death as an ally

Posted on June 18, 2010


It is better to go to a house of mourning than to go to a house of feasting, for death is the destiny of every man; the living deathperspectiveshould take this to heart. (Ecclesiastes 7:2)

In the face of death, the straw man burns. When I realize that “no one gets out of here alive”, not even me, it makes me stop and wonder, really question, what am I doing, who am I, and what am I leaving behind . . . because no matter what, I am leaving. Nothing is permanent, including me. Nothing. So why do I cling so tightly to social status, to possessions, to money, to my home, to my family, to my life??? And on a level deeper yet, why do I cling so tightly to my loves, my desires, my abilities, my strengths, my gifts… for nothing is permanent… it all fades away.

Do I fear death so much that it makes me shun silence in this life? From silence I came. To silence I will return. But while I’m here, I make noise as much and as continuously as I can. I stay busy, I keep moving . . . Smell the roses? What roses? Take time? I don’t have time. I have to get here, get there; “too many people to see, too many places to go, too many ways to get there” (Lyrics by Bill Cooper).

Do I fear silence because it brings me face to face with reality, with me, with my end, and the silence thereof?

Why do I fight? Why do I fight what is inevitable? Why do I fear what is inevitable? I don’t fight the air that I breathe. I don’t fight the sunshine. I don’t fight the wind passing through my hair. Why do I fight the great circle of life as the old things pass away to make way for the new?

Death is part of life.

Death gives way to new life.

The autumn leaves fall and decay

to make way for the spring leaves.

The flower falls to make way for new buds.

Why linger when there is no longer a reason for life?

Let go and let come.

That is the key to all of life.

Let go and let come. Befriend all of life.

Embrace the darkness so that I can fully appreciate the light.

Embrace the cold so that I can fully appreciate the warmth.

Embrace death so that I can fully appreciate life. “The living should take this to heart” while we can.

“An awareness of death is an ally for infusing our lives with a sense of immediacy, perspective, and proportion. In acknowledging the reality of death, we can more fully appreciate our gift of life.” (p. 121, Voluntary Simplicity, Duane Elgin)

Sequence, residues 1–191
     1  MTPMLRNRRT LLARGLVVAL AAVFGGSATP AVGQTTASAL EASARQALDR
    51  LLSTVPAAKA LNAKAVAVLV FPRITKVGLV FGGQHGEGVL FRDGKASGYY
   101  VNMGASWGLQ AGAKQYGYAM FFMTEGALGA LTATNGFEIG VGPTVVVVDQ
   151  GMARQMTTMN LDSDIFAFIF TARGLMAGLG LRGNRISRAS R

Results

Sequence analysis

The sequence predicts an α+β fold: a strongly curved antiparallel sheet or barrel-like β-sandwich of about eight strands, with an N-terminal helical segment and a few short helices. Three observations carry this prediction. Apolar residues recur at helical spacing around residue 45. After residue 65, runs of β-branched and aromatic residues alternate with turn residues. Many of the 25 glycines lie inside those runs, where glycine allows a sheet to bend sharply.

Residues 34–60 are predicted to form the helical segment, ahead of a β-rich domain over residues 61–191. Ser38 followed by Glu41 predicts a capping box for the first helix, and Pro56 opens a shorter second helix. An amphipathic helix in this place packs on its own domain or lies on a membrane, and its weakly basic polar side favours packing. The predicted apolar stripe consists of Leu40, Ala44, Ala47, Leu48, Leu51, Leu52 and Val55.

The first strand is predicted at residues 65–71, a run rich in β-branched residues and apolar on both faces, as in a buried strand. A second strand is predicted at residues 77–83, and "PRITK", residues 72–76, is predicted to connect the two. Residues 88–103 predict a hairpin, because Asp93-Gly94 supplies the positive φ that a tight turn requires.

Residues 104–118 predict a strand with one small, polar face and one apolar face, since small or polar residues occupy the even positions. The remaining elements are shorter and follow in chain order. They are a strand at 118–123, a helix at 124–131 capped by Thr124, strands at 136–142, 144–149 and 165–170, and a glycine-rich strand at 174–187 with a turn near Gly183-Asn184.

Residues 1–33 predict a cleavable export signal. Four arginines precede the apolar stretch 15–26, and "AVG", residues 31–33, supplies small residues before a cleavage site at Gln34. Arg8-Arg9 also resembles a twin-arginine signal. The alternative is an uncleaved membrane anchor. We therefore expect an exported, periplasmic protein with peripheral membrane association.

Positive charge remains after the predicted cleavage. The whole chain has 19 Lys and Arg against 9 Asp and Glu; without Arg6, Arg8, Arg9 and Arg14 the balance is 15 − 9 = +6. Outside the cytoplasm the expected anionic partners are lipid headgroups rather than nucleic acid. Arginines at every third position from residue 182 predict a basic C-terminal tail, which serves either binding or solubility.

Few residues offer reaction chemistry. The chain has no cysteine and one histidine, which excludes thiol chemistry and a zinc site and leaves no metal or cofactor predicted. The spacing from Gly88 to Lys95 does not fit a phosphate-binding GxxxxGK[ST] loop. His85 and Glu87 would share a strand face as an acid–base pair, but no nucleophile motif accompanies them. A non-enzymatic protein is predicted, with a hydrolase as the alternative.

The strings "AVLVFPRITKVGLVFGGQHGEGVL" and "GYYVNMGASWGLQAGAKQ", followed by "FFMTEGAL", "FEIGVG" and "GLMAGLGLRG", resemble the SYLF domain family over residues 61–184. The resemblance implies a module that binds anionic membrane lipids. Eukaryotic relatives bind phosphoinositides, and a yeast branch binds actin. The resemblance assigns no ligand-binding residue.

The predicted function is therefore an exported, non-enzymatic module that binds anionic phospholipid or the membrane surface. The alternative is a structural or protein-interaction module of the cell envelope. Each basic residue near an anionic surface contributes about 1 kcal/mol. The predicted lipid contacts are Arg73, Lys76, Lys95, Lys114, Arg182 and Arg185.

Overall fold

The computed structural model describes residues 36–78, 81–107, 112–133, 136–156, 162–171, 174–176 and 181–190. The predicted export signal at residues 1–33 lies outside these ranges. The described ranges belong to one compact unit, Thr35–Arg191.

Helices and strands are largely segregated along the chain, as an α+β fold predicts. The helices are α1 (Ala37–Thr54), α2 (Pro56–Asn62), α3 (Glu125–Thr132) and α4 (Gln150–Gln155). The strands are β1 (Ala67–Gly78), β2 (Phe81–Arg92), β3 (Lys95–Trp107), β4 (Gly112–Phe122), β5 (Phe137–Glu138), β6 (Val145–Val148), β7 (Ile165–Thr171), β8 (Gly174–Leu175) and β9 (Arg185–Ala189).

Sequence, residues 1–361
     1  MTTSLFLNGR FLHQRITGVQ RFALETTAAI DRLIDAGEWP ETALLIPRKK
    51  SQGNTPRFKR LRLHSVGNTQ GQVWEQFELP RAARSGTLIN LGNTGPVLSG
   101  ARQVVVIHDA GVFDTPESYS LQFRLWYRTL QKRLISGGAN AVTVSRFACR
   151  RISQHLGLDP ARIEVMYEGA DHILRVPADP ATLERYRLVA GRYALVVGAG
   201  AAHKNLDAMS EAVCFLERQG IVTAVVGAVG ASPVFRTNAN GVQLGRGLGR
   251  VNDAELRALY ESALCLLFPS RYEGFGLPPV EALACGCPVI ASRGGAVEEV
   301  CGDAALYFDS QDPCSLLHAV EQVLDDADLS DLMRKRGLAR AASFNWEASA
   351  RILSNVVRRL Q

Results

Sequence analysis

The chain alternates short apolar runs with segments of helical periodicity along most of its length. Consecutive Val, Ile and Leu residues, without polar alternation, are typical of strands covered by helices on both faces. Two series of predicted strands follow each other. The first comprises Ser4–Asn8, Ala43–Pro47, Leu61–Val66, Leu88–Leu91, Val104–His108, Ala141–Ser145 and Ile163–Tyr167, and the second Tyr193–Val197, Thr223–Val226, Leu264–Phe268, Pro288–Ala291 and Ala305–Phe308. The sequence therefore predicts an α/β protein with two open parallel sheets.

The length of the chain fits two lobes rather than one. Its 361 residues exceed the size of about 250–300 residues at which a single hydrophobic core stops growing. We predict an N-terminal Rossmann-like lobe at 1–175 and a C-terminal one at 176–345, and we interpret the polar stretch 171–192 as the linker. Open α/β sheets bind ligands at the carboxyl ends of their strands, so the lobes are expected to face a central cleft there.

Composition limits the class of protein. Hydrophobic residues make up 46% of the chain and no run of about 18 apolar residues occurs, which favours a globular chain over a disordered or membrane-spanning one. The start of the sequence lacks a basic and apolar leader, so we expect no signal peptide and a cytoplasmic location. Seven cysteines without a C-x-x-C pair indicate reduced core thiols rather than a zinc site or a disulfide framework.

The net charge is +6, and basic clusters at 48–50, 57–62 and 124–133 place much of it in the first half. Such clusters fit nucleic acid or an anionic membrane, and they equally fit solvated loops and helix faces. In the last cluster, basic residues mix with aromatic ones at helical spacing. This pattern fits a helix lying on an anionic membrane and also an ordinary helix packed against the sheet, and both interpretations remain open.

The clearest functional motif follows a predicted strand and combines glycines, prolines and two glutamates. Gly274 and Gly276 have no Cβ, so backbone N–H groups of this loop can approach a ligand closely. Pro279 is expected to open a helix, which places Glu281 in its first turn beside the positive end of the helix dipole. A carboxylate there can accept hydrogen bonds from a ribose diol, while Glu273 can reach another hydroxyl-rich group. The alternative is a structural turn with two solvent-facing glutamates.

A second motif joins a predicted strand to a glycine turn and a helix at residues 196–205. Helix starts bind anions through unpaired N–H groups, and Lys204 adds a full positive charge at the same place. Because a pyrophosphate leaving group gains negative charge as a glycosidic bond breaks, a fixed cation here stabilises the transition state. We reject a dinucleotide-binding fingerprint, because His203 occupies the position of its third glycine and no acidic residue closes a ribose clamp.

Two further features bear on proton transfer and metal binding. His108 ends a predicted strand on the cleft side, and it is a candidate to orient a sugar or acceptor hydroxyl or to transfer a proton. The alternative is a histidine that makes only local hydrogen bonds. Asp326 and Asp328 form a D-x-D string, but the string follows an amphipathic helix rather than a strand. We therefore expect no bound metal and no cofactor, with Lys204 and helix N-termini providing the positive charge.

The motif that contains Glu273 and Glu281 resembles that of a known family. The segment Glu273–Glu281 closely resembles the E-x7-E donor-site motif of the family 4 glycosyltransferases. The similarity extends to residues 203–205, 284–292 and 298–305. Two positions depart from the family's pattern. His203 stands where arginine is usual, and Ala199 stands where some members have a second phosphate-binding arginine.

IMMEDIACY: Making death an ally makes me realize that what I say is not as important as what is seen in my life. I must join soul and role, words and actions.

PROPORTION: I don’t need the lion’s share, I only need my daily bread. I’m not the center of the universe, I’m a grain of sand on the beach of the universe. It is not about me.

PERSPECTIVE: It is not about accomplishing things, it is about being. What I accomplish in this life is a chasing after the wind. Who am I? Before God? Before you?

“We need but look into the cemetery and see the ten thousand upturned faces; ten thousand breathless bosoms. There was a time when fire flashed through those vacant orbs; when warm ambitions, hopes, joys, and the loving life pushed in those bosoms. Dreams of fame and power once haunted those empty skulls . . .. Approach the tomb of the proud man; see the haughty countenance dreadfully disfigured, and the tongue that spoke the most lofty things condemned to eternal silence . . .. Behold the consequences of intemperance in the tomb of the glutton; see his appetite now fully satiated, his senses destroyed and his bones scattered” (p. 590 of the book, The Royal Path of Life, 1877 as quoted by Duane Elgin in Voluntary Simplicity).

“We do not need to grieve for the dead. Why should we grieve for them? They are now in a place where there is no more shadow, darkness, loneliness, isolation, or pain. They are home.”
— John O’Donohue (Anam Cara: A Book of Celtic Wisdom)

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See also:

Silence: a spiritual discipline